I grew up in North Carolina in a happy family, by all conventional definitions. My parents were college-educated and had jobs that afforded their two kids the opportunity to attend universities. All four of us were (still are) White, straight, healthy, and able-bodied. Although these aspects of our identity were surely important in helping us gain and sustain opportunities (and they still are), a related phenomenon was never having to talk about these identities at the dinner table. There was rarely a life event that even reminded any of us that we had those identities. By extension, this meant that we never had to talk about what it could mean to not come from these backgrounds. And yet sometimes we did.
In college, I continued these conversations by majoring in Psychology and Sociology, with emphasis on courses that covered individual and systemic biases. Throughout graduate school, I researched Diversity & Inclusion (D&I) in organizations, and ultimately wrote my dissertation on this subject. Despite coming from a privileged background that in many ways lacked how we typically define “diversity,” I have always sought to keep these reflections and conversations active in my life.
While this sometimes takes the form of partnering with clients to architect D&I strategy, this work can also involve guiding individual leaders as allies; essentially, “what can you do personally to make an impact on D&I in your organizations?” Allies use their privilege or position to advocate on behalf of those who do not hold that same standing. Allyship in leaders is integral to achieving D&I success in organizations, but requires a careful balance of self-reflection and action in support of others.
June is Pride Month, a celebration of identity, self-affirmation, and visibility for the LGBTQ+ community. The global pandemic of COVID-19 has forced entire nations to shelter and avoid larger gatherings, resulting in the indefinite postponement of several annual Pride celebrations (e.g. New York City, San Francisco and Los Angeles).
Allies should be aware that many employees’ celebrations of identity are likely significantly changed this year. This difficult reality may be amplified by the convergence of home and work. Many LGBTQ+ employees navigate their identity strategically between these two contexts, which creates uncharted territory as living rooms become offices. While many organizations strive for a sense of Belonging (employees bringing their true selves to work), demonstrating support throughout Pride 2020 may serve as a challenge and opportunity for allies in leadership positions. Allies should carefully consider how to strategically support others during this time.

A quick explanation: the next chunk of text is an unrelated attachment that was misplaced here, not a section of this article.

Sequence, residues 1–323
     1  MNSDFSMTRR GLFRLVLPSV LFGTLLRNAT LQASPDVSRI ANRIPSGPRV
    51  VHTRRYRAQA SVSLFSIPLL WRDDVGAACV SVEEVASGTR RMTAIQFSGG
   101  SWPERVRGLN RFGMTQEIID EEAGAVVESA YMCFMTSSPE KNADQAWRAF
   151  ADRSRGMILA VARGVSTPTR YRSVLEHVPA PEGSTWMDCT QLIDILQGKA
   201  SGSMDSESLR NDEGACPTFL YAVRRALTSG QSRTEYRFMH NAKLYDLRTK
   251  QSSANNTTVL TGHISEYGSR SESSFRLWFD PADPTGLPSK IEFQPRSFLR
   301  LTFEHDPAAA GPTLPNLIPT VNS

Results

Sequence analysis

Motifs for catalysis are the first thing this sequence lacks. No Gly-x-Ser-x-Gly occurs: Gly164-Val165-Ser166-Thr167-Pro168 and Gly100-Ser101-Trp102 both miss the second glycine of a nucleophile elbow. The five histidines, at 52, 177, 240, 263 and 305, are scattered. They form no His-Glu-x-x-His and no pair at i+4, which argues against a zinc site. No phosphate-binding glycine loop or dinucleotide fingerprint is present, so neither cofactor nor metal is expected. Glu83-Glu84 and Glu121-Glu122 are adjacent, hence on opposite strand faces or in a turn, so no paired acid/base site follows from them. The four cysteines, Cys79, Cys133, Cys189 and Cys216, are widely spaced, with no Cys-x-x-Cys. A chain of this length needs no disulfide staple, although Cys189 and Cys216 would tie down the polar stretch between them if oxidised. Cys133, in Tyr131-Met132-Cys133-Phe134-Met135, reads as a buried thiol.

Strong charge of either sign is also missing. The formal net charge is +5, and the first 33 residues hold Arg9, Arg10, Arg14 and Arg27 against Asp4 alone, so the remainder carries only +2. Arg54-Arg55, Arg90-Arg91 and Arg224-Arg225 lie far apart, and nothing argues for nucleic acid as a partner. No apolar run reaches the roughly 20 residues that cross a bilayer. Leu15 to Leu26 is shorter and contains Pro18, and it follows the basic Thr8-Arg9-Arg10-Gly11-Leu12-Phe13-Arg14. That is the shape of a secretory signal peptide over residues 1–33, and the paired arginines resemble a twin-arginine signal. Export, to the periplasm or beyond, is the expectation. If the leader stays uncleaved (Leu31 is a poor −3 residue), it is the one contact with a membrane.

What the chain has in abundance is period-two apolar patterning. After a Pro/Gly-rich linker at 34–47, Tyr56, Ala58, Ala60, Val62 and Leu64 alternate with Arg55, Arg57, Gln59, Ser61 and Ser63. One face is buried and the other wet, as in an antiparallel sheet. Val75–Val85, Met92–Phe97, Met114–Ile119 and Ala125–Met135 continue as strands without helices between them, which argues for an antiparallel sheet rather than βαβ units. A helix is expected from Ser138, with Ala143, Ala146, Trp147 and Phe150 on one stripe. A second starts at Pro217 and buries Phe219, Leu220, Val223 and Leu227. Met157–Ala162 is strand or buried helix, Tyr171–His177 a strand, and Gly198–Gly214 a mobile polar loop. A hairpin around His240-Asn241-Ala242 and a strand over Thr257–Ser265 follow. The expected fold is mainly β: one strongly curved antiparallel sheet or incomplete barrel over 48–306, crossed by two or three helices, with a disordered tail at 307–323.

Reflect (on yourself):
Our Inclusive Leadership model emphasizes self-reflection as a necessary first step, and this could not be more true for allies. It can be tempting to rush to action, but approaching D&I topics that do not reflect our own experiences can leave us with blind spots. Allies need to self-reflect on their own motivations for involvement and take time to understand specific groups that they aim to support. Remember that no individual coworker or friend should be the primary (or secondary) source of education. Instead, D&I practitioners, researchers, and organizations often have resources (e.g. books, articles, podcasts) that can provide a strong foundation for learning. As an example, the Human Rights Campaign has resources for LGBTQ+ allies on how best to make an impact. Allies should embrace the journey to better understand their own identities and the identities of those they support.
Reach out (to others):
As allies become educated, they should seek to become comfortable discussing these topics with others. Know this can be an intimidating experience; at times, we can all fear saying something insensitive or offensive in front of others. To lean in with security, embrace these interactions as the listener. Allies must continue to build their understanding by letting others share their experiences and creating safe spaces for these exchanges. It is important to signal your commitment to creating cultures of inclusion while also reinforcing a sense of humility: “we want to help, but we don’t know it all.” Remember that these interactions will only occur if built on trust and patience. In time, allies should shift these discussions from the safer “one-on-one” settings to more courageous dialogue in larger groups. In turn, they should continue seeking feedback from trusted colleagues. While we historically have rewarded leaders who are predominantly bold and outspoken, this is where leaders who can be both “quiet” and “loud” will shine.
Rewire (the systems):
Finally, allies must recognize they often hold privilege and power to influence larger systems. While they can (and should) do their part to help individuals in the workplace, the greatest leverage may be impacting larger systems at work that inhibit inclusive cultures from the top-down. Allies are often in the unique position to challenge poor behaviors among their peers and spark change in hiring or promotion systems that systemically reduce opportunity for diverse talent. Our research on some of the strategic, systemic levers that can activate LGBTQ+ inclusion can be a helpful guide.
Allyship is critical to the success of D&I in the workplace, and I’ve enjoyed identifying how this can take shape for me throughout my education and career. To be honest, I continue to navigate this journey daily. I encourage all leaders who consider themselves allies to use Pride 2020 as an opportunity for self-reflection and self-education, thoughtful (albeit virtual) engagement with coworkers, and “rewiring” existing systems in their organizations that may inhibit LGBTQ+ inclusion.